• Avoid soda, which may cause gas and abdominal discomfort
  • Eat smaller meals to help lessen the incidence of cramping and diarrhea.
  • Low fat and high carbohydrate meals such as pasta, rice, and whole grain breads may help IBS symptoms (unless the person has celiac disease).

What triggers IBS?

  • Many people suffering from IBS are aware of very specific foods that trigger and worsen their symptoms. The person usually learns what trigger foods to avoid.
  • Food diaries can be helpful in pinpointing the products causing symptoms to worsen.
  • People with IBS usually suffer from both diarrhea and constipation, and different foods are often implicated as triggers.
  • Treatment of IBS symptoms often is specific to the individual. There usually is no easy answer to relieve IBS symptoms, but rather a process that involves the patient and doctor working closely together.
  • Gluten free diets have been linked in some research to improved diarrhea symptoms; however, this has not been clearly established.
  • A subgroup of poorly absorbed carbohydrates referred to as FODMAPs (which stands for fermentable oligosaccharides, disaccharides, monosaccharides and polyols) causes symptoms in some people with IBS. FODMAPs are found in many products such as some grains (what, rye), fruits (found in pears, honey, and apples), vegetables (artichokes, onions, garlic), artificial sweeteners, and dairy products (lactose intolerance). Some individuals tend to be sensitive to only some FODMAPs.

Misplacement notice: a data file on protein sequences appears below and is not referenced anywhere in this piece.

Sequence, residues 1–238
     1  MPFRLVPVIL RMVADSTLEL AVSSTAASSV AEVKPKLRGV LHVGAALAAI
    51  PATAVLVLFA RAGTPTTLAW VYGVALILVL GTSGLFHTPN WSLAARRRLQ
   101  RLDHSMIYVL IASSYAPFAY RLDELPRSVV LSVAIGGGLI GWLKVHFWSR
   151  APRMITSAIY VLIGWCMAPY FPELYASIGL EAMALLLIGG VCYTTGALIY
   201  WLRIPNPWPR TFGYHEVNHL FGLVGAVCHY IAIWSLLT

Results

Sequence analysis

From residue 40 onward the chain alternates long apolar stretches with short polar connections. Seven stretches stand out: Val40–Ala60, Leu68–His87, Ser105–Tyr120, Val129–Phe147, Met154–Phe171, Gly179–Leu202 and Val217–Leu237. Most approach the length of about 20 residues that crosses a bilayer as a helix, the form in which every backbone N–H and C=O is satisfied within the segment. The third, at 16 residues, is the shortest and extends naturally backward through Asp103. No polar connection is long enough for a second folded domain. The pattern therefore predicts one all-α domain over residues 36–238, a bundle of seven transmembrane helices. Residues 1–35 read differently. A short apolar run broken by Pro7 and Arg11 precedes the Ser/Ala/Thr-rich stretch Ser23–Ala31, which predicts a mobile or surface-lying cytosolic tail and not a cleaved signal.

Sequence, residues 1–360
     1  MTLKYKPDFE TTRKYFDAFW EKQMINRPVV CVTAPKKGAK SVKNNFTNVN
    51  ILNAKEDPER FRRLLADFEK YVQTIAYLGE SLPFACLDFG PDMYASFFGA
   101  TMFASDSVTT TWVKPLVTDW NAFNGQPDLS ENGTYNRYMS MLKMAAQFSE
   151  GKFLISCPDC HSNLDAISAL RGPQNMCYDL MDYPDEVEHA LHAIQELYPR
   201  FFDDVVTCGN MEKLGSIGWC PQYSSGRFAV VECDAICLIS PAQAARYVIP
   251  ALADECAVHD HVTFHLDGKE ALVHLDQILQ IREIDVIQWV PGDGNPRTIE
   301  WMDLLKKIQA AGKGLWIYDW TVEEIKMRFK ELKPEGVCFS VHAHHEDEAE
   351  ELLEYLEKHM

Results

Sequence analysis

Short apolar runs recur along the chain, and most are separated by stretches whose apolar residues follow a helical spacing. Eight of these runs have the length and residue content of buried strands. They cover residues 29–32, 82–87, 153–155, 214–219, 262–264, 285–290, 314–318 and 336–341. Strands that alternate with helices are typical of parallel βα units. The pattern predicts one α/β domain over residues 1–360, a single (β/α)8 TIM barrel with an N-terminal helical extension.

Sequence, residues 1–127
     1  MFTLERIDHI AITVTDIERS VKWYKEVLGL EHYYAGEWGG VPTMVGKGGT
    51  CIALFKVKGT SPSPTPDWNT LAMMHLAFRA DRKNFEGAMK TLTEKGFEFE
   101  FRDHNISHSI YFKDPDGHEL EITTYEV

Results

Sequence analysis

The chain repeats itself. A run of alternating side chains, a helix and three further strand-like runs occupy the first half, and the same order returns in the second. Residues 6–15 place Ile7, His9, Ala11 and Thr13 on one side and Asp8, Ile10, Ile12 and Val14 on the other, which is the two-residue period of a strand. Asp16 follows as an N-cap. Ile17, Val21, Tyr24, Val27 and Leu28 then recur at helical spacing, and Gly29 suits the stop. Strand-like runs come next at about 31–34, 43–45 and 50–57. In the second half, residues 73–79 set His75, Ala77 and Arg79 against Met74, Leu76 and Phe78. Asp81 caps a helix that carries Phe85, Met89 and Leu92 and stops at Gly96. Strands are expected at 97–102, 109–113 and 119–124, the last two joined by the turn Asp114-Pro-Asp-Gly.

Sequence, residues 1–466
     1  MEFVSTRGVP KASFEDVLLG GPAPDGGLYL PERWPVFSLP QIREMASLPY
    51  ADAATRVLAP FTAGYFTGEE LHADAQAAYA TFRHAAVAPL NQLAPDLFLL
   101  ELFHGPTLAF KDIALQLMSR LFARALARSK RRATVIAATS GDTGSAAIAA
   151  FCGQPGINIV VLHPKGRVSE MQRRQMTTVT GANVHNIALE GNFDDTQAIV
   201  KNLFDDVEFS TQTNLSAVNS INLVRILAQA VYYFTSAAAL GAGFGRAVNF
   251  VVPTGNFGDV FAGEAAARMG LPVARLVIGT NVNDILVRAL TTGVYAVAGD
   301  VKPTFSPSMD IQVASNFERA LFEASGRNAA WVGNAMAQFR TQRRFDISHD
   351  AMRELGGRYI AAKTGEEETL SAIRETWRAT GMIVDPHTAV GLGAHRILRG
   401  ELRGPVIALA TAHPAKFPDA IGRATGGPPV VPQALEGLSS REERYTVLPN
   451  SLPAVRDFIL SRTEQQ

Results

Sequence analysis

• Foods high in fat can worsen diarrhea symptoms.
  • In general foods that dehydrate can worsen the constipation symptoms of IBS.
  • As with all food intake, some foods might be tolerated in moderation but cause symptoms if ingested in excess.
  • One suggested approach is to remove a food or food category, watch and note symptoms, and slowly reintroduce the food back into the diet and track your symptoms (elimination diet).
  • Fiber products can help (in case of constipation) or worsen IBS (diarrhea).
  • Exercise helps prevent constipation and lack of exercise can worsen it.
  • Most people who suffer from IBS notice increased stress and anxiety will worsen their symptoms. Avoiding activities that cause stress or anxiety may prevent IBS symptoms from occurring.
  • IBS and its symptoms can be relieved or at least improved with non medical and none food related therapies. Relieving stress and anxiety will help improve IBS symptoms.
  • IBS is twice as common in women as in men, leading some IBS experts to believe hormonal fluctuations and changes might play a role in IBS. In addition many women with IBS report an increase in symptoms during and around their menstrual period.